St. Louis is getting a chance to test how smart sensors can help city departments respond better to emergencies.
The U.S. Department of Homeland Security has spent more than a year developing ways that cities can use a network of smart devices. Now, a pilot program with the city will allow DHS to test the plans in real life.
"In what ways does it work; in what ways is it deficient?” said Norman Speicher, who is managing the partnership for DHS.
Speicher envisions a city deploying sensors that can detect flash flooding on a street, and then automatically route emergency responders to the area and other traffic away from the area. Wearable sensors could let commanders on the scene of a large building fire know when firefighters are under distress.
The pilot program in St. Louis will allow DHS to figure out how different systems from different providers talk with each other, Speicher said. That means deploying a bunch of the tools.
“The big benefit for us is we get our hands on this technology,” said Robert Gaskill-Clemons, the city’s chief technology officer. “Worst case scenario, the technology’s not ready, or it doesn’t pan out, but at least all the departments have context to have the conversation about these capabilities across departments. Best case scenario? All or part of the technology pans out. We now have access to real tools that we can pursue.”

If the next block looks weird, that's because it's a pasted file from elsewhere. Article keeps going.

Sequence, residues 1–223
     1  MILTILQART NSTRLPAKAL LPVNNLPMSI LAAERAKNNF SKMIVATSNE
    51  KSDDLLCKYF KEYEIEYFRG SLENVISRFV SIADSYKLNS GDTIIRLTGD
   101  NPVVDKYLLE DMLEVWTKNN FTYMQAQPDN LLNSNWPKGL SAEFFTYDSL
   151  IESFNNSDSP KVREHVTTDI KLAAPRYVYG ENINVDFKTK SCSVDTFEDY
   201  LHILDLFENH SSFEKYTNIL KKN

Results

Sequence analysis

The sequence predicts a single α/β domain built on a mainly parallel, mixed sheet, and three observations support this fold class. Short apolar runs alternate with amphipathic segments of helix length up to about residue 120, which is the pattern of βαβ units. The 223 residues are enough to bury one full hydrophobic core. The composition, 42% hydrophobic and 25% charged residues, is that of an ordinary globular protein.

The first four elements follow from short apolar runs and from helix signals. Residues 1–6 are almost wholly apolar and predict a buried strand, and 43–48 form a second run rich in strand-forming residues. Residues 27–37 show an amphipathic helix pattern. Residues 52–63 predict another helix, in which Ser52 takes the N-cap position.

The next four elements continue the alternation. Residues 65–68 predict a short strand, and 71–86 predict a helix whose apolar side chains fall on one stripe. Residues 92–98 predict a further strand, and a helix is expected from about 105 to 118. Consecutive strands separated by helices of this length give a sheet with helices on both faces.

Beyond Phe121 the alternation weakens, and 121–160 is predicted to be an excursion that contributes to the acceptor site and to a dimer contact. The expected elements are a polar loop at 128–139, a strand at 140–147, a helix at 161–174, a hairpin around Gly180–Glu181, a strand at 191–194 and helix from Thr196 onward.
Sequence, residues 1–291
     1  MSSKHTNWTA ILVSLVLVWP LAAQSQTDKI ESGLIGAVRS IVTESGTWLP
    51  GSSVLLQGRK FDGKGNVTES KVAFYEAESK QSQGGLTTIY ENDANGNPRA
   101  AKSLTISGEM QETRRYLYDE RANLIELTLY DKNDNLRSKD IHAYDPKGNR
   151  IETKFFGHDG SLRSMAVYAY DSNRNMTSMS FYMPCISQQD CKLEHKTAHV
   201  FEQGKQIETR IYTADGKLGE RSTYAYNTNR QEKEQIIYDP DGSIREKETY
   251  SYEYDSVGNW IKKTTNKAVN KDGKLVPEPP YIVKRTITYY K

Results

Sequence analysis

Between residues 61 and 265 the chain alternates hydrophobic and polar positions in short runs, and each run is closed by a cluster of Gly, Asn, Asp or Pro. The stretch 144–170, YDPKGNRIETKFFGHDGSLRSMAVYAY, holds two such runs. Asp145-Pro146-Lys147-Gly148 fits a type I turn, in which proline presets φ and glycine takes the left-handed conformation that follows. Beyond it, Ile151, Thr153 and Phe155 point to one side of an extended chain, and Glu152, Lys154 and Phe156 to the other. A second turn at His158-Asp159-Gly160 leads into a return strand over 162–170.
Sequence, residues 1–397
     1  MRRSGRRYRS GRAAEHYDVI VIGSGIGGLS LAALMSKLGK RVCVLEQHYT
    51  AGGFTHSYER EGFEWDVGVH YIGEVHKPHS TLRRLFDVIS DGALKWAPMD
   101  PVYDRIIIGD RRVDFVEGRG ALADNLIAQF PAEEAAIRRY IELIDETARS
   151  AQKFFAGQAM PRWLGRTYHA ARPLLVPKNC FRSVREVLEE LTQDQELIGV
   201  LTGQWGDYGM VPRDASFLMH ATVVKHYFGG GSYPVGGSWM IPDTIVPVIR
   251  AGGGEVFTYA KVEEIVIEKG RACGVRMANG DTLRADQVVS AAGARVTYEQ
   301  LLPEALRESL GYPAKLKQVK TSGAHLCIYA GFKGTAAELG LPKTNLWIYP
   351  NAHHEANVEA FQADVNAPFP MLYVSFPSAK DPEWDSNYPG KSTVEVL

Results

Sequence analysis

The city is aware of privacy and cybersecurity concerns, Gaskill-Clemons said, and is drafting policies to protect data the tools would gather.
DHS officials met with city department heads last week to outline how they might use the tools in emergency scenarios like flooding or a building fire. The pilot program will culminate in a large-scale simulation in December. St. Louis was the only city selected for the pilot, Speicher said, because it fit best in DHS’ timeline.
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